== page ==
And Now, the Rest of the Story
Enough digression. Now that we have our recordset, we make sure that it contains data, then read what's there.
26 'Populate the Product information array 27 prodInfo.MoveFirst() 28 if not prodInfo.EOF then 29 prodset(1) = prodInfo.Fields("product_name") 30 elname = prodset(1) 31 prodset(2) = prodInfo.Fields("isbn") 32 prodset(3) = prodInfo.Fields("published_date") 33 end if
We determine the product name, ISBN of the product, and its published date.
34 if Request.QueryString("element_id") <> "" then 35 'Content is at the element level 36 elID = Request.QueryString("element_id") 37 'Get element info 38 elobj.getElementDesc(prodID) 39 set elDesc = elobj.items 40 elDesc.MoveFirst() 41 while not elDesc.EOF 42 if elDesc.Fields("element_id") = elID then 43 elname = elDesc.Fields("element_name") 44 end if 45 elDesc.MoveNext() 46 wend 47 else 48 'Content is only at product level 49 elID = "NULL" 50 end if
What's this? An element_id? I've been caught again! While it's true that the product_id is all we need to uniquely specify a product, certain products go deeper than that. An article will generally have many pages. Each page has its own chunk of content, the text of that page. This is stored in a separate database table, content_elements, and is linked back to the base product information in the products table. An intermediate table, product_content, stores the product_id, and has rows for each associated element_id. Thus, when an article is selected, a join occurs to link the product_id to the element_ids that come with it. That is how we display a particular article page.
If there's an element_id on the query string, that means we're on a given page of an article. If you want to save just page three to MyInformIT, we give you that capability here. (Aren't we just the nicest bunch of folks?) We scroll through the returned recordset and match the given element_id, storing the element_name (the section title) for later.
51 'Get the user ID 52 if Request.QueryString("session_id") <> "" then 53 'Grab the session ID to get the user ID
Here is where we tie the session_id passed on the query string to the user_id (at least according to the comment above).
54 sessID = Request.QueryString("session_id") 55 set addobj = Server.CreateObject("informit.addto") 56 addobj.getUserID(sessID) 57 set userRS = addobj.items 58 userID = userRS.Fields("user_id") 59 60 if Len(userID) <= 0 _ 61 or isnull(userid) then 62 addContent = -2
We retrieved a recordset from a call to the informit.addto.getUserID method. If the session_id doesn't match a user_id for some reason, we drop out of addContent() with a 2 return value.
63 else 64 ' Make sure that the user does not already have 65 ' this piece 66 ' of content in his collection. If so, give them 67 ' a choice 68 ' of whether or not to add it again 69 ret = addobj.checkContent(userID,prodID,elID)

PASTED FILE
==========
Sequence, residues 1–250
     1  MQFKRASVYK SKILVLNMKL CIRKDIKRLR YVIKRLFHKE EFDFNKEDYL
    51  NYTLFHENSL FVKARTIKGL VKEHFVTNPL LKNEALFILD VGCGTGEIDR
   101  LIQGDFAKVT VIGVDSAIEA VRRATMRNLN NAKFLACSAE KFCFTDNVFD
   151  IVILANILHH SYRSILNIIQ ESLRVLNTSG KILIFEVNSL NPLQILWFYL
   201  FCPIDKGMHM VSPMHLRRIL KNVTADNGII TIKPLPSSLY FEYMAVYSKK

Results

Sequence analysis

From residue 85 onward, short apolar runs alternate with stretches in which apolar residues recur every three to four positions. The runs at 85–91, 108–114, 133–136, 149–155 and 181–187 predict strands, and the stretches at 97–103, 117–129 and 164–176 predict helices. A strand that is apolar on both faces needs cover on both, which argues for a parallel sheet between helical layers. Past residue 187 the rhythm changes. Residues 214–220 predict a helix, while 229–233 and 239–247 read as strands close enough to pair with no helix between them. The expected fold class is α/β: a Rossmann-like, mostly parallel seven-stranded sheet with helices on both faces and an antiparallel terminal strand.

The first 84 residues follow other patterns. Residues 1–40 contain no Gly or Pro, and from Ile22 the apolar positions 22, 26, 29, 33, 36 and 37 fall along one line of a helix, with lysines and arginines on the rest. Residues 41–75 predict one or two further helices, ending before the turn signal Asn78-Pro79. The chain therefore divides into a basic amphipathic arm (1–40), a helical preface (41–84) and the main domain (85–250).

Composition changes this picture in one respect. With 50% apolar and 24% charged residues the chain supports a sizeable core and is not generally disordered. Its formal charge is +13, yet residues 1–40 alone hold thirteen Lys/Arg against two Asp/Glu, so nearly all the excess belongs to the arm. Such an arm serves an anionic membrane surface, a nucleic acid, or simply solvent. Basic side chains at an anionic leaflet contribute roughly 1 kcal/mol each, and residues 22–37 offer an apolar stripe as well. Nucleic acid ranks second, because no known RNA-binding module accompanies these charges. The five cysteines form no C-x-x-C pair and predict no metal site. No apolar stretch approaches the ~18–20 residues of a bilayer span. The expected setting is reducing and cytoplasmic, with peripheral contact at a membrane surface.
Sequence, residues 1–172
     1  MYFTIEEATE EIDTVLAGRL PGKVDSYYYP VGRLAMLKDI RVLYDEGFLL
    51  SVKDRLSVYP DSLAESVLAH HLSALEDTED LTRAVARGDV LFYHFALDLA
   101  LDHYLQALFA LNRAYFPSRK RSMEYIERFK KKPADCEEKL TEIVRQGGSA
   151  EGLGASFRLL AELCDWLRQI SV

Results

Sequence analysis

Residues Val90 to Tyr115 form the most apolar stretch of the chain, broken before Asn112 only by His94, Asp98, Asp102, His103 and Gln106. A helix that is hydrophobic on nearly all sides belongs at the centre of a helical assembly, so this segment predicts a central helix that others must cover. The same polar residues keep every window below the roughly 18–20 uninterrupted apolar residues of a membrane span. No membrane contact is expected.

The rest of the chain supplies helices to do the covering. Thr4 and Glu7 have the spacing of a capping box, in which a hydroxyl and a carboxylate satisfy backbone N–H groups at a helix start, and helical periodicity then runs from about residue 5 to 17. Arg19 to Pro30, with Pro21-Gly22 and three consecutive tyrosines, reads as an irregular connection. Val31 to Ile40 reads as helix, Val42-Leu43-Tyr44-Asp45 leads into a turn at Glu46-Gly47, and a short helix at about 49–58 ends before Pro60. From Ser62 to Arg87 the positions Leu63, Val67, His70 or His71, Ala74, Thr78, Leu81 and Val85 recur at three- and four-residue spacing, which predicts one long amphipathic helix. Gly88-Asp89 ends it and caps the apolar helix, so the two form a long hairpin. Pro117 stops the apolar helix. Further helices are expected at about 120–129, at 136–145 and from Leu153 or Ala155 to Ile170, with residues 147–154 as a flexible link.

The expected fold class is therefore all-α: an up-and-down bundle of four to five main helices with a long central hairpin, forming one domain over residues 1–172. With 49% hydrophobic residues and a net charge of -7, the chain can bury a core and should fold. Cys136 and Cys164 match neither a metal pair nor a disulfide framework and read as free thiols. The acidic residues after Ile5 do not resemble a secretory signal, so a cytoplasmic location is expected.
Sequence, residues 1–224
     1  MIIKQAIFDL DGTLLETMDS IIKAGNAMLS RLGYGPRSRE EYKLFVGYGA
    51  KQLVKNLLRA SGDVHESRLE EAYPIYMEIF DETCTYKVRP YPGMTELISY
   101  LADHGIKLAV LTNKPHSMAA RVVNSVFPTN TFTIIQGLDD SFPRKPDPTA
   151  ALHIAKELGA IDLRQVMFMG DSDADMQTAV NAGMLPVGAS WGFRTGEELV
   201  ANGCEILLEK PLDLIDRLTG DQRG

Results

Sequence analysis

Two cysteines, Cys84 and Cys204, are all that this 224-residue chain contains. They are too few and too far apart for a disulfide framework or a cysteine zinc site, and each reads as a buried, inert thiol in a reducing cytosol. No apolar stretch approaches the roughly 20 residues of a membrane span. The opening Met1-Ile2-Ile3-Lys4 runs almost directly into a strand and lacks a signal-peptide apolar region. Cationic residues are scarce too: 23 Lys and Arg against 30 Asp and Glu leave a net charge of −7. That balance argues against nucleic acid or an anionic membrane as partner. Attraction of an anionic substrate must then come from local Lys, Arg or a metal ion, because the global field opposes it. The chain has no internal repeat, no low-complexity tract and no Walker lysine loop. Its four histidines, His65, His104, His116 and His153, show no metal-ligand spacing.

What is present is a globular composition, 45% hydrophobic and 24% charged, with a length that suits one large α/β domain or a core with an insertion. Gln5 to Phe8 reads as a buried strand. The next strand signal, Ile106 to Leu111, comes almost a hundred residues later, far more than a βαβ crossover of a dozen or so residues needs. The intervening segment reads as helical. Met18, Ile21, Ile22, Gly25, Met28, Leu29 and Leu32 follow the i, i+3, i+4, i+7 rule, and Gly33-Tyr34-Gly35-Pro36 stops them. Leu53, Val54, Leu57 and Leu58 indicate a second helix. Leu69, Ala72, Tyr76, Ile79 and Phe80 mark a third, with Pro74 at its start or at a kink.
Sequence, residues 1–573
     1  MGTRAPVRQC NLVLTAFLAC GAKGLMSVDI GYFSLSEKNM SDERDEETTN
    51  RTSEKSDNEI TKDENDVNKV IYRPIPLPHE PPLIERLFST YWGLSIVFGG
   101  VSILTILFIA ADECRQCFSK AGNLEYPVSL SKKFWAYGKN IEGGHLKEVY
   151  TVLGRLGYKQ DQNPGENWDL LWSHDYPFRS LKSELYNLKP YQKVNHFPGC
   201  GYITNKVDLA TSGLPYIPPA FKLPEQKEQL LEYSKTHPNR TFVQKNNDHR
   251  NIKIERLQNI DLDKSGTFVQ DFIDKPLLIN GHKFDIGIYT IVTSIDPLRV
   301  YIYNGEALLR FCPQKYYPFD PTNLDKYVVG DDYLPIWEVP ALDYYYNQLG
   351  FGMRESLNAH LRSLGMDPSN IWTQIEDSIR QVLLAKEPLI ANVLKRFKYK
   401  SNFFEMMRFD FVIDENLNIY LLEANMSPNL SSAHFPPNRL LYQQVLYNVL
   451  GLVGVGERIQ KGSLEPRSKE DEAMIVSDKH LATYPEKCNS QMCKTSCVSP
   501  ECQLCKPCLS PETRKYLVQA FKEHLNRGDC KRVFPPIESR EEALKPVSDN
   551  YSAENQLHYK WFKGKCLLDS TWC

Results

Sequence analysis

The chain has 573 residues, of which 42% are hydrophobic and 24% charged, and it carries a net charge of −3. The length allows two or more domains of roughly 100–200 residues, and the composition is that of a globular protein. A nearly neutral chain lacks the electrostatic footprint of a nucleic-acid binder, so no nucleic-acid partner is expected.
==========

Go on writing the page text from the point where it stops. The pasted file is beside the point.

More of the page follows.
As promised, here is where we check to see whether the content already exists in the user's MyInformIT list. The Java procedure returns 0 if the product_id (and element_id, if there) is not matched within that user_id's saved content, and 1 if the content already exists.
70 if ret = 0 then 71 'Add the content 72 ret = addobj.addContent(userID,prodID,elID) 73 if ret = 1 then 74 resp = resp & "<p> <font size=""-1"" color=""#FF0000"">" & elname & " - </font><font size=""-1""> has been successfully added to your MyInformIT bookshelf</font></p>" & chr(13) 75 resp = resp & "<p align=center> <form id=form1 name=form1> <input type='button' name='close' value='Close' onClick='window.close()'></form></p>" & chr(13) 76 addContent = resp
The method informit.addTo.addContent is called on line 72, passing in the user_id, product_id, and element_id. If everything worked, we return from the function, passing back the screen that you see in Figure 4.
Figure 4 You've been saved!
77 else 78 addContent = -1 79 end if
Otherwise, we return an error condition.
80 elseif ret = 1 then 81 ' Content is already there, give the user a 82 ' choice whether to 83 ' add it again 84 resp = resp & "<p align=""center""> <font size=""-1"" color=""#FF0000"">" & elname & " - </font><font size=""-1""> is already saved on your MyInformIT bookshelf</font>" & chr(13) 85 resp = resp & "<br><font size=""-1""> Do you wish to save it again?</font></p>" & chr(13) 86 resp = resp & "<p align=center> <form id=form1 name=form1> <input type='button' name='yep' value=' Yes' onClick='reAdd()'> <input type='button' name='nope' value=' No ' onClick='window.close()'></form></p>" & chr(13) 87 addContent = resp
Figure 5 What? You want to save it again?
The reAdd() function takes the input URL, derived from the window.location.href call, and tacks the text "&readd=yes" onto the query string. It closes the current pop-up window and opens another of the same size, in the same location. This takes us back to the addTo/index.asp function, but this time readd='yes' is true. Instead of calling addContent(), we call readdContent(). readdContent() does exactly the same things as addContent(), except it doesn't check for the readd flag, naturally.
88 else 89 ' Oops 90 addContent = -1 91 end if 92 end if 93 end if 94 end if 95 96 end function
The last few lines just tidy up. We now have added a piece of content to our MyInformIT selections. If you go back to the MyInformIT page, you'll see it there as big as life.
I'm guilty of being selfish by taking up so much of your time writing about adding content to MyInformIT. In the next installment, we'll take a closer look at how the lists of products are retrieved and built for a given user. Until then, stop at stop signs! Take a little extra time and enjoy life! I know that I will.